Signs Assisted Living May Not Be Enough
The first step for many seniors in need of help with daily activities, is to choose assisted living options. Assisted living communities and in-home care options will help seniors with bathing, grooming, meals, medication management and other daily tasks including mobility. A key aspect of assisted living to remember is sometimes assisted living is not enough. There are times when the health of a senior may become worse and assisted living may not be enough. Here are signs that assisted living may not be enough and the transition to full care should be considered.
Increased signs of difficulty with daily tasks or helping care givers with tasks is a primary sign that assisted living may not be enough. Examples of increased difficulty would be when a senior needs help standing or getting into bed. With assisted living they may be able to help balance themselves with the use of caregiver support. However, over time they may be able to help less and less. This is a sign of increased difficulty.
Most seniors who use assisted living services have the ability to help caregivers. They can balance themselves, but need help walking. They may be able to dress themselves, but find they need help buttoning clothes or using zippers. Generally, caregivers will work with the senior to help them a little more as their strength decreases. However, if this pattern continues for a long period of time, it should be considered a sign that assisted living may not be enough.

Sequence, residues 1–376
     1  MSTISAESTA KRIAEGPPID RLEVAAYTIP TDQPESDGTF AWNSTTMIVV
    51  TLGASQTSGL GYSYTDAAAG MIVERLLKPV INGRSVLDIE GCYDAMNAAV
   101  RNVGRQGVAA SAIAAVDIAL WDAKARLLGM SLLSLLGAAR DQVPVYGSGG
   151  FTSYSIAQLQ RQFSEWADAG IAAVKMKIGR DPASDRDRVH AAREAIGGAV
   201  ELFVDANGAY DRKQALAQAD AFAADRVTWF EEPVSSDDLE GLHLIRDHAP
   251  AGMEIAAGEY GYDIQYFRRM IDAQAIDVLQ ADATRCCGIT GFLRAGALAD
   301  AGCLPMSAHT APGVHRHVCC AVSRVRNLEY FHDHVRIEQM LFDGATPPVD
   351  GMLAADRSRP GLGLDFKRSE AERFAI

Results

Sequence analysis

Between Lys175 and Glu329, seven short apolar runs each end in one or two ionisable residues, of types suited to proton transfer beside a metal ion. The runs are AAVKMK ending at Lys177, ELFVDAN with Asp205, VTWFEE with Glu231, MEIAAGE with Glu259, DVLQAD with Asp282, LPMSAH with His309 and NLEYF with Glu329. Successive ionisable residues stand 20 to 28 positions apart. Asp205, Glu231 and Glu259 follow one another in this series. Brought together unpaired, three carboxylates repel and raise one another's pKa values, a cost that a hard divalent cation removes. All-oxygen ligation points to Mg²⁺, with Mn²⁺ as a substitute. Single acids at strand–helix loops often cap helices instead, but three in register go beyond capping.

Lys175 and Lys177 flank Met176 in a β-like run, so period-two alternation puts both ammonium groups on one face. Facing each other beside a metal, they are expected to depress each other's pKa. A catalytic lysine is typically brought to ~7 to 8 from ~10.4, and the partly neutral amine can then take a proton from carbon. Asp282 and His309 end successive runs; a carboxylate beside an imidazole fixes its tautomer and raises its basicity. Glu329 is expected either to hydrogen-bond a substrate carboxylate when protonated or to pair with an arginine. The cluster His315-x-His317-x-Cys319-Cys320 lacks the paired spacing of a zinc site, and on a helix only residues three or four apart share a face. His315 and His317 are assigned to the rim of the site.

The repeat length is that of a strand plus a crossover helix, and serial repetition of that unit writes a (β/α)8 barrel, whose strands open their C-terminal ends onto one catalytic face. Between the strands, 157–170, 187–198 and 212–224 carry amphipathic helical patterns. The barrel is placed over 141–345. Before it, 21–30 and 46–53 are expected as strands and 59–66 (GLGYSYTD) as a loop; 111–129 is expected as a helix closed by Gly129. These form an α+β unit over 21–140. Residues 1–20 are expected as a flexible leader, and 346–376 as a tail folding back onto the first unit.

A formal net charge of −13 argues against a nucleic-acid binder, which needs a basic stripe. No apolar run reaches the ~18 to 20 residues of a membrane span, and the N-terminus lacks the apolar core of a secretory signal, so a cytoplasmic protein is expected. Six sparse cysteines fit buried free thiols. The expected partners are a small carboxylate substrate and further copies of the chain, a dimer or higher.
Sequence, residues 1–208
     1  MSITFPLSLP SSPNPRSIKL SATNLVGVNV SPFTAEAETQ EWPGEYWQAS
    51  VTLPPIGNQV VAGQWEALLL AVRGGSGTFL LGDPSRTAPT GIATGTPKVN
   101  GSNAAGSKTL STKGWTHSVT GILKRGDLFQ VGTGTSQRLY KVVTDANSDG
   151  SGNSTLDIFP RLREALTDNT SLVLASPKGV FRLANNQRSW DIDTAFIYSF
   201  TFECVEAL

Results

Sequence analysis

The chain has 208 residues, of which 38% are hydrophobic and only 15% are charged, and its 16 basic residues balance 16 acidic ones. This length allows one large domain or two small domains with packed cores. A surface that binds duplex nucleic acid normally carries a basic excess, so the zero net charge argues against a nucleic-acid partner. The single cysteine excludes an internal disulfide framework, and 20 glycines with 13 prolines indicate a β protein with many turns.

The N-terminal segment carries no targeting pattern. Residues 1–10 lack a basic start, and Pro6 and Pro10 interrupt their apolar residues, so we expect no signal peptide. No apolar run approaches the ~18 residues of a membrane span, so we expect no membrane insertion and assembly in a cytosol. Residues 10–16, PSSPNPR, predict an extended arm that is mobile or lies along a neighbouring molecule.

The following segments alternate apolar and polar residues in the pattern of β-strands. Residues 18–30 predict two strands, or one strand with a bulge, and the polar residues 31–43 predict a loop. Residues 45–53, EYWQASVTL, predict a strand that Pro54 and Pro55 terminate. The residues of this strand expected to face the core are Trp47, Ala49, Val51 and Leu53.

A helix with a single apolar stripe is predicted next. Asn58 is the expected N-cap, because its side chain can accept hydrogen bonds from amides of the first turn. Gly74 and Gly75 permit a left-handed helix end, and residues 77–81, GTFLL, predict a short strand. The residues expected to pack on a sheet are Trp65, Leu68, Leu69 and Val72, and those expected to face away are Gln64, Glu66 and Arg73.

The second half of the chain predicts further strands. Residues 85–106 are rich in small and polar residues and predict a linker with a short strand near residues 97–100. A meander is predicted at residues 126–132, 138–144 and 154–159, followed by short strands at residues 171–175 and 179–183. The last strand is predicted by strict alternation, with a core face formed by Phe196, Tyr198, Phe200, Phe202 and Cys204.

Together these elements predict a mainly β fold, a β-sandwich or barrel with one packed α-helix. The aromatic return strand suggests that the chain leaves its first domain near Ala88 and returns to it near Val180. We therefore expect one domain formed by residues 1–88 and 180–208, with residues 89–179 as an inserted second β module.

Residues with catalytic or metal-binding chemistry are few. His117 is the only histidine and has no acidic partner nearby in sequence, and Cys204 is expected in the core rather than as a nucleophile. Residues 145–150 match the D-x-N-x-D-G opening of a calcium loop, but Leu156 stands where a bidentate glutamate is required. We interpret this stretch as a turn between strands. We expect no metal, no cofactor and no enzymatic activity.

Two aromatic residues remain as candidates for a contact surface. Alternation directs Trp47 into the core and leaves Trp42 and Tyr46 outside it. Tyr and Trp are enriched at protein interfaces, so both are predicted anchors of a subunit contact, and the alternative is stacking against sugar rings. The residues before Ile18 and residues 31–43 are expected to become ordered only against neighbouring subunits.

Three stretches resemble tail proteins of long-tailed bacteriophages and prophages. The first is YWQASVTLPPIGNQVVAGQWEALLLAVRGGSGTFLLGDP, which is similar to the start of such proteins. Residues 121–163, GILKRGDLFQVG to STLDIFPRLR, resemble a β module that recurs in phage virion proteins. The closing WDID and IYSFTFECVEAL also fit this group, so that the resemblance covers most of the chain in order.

New Health Issues
New health issues may arise for seniors during the course of their retirement years. Assisted living communities and in-home caregivers may be able to help in various aspects of the senior’s lifestyle; however, there are some aspects that are beyond the reach of assisted living. When memory loss, Alzheimer’s or severe medical conditions develop the time to move forward with long-term or round the clock care should be taken into consideration.
Memory Loss Care
Though memory loss care communities often have assisted living portions for residents with mild memory loss issues, the majority of communities will not be able to handle severe memory loss cases. If a senior begins to develop increased memory loss issues or they develop a full range Alzheimer’s illness, it is a sign that round the clock or extended care is necessary and assisted living is no longer enough.